Cystoplasty management of the intractably hostile neurogenic bladder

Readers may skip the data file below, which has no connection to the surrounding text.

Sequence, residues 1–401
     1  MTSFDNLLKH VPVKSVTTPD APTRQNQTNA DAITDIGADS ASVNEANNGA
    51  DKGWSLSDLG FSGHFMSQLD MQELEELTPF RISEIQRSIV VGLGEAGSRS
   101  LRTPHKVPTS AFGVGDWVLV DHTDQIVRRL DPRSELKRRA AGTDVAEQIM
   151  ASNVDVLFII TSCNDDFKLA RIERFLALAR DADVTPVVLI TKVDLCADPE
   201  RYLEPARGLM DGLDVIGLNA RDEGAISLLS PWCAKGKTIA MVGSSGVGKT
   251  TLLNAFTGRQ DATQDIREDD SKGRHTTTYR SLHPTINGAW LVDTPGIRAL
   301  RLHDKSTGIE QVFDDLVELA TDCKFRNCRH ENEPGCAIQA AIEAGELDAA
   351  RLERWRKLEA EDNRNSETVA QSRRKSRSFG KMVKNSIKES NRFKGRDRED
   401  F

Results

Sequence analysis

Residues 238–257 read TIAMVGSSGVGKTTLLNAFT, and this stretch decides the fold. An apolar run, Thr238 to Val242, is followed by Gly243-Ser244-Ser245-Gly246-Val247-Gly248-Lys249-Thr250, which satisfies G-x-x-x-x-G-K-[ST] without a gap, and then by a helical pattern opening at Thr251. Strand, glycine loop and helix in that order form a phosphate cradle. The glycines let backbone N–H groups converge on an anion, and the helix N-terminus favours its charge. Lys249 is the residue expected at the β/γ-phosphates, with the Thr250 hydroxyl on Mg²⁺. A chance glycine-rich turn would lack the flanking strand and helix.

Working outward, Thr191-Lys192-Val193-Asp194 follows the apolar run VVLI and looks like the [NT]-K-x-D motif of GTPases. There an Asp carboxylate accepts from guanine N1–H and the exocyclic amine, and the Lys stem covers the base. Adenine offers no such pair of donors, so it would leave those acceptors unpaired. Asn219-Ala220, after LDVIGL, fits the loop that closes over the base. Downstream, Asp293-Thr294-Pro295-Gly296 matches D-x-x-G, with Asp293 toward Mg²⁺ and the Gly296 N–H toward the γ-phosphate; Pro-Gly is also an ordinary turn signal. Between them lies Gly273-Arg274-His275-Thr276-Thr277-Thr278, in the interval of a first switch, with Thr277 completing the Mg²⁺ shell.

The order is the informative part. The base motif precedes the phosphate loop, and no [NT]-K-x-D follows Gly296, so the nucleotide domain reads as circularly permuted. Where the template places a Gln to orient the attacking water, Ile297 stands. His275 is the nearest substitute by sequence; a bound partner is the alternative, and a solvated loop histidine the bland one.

Although most neurogenic bladder hyperactivity can be managed by pharmacologic and other conservative techniques, a small group of patients will require cystoplasty surgery to achieve a capacious docile storage reservoir. A variety of surgical variables exist including the extent of removal of existing bladder wall, the choice of bowel segment, and the shape of the remodeled segment. Most commonly, cystoplasty for simple detrusor hyperactivity (low compliance or intractable hyperreflexia) requires only clam augmentation. Many patients with intractable detrusor problems will also have alterations in sphincter function and a variety of alternative treatment choices are available for management of the incompetent outlet. Similarly, a large percentage of these patients will have associated upper tract problems such as reflux, and a variety of techniques are available for its management. The techniques chosen will be determined by a variety of factors. The results of enterocystoplasty management in this group of patients are excellent, and complications are uncommon.
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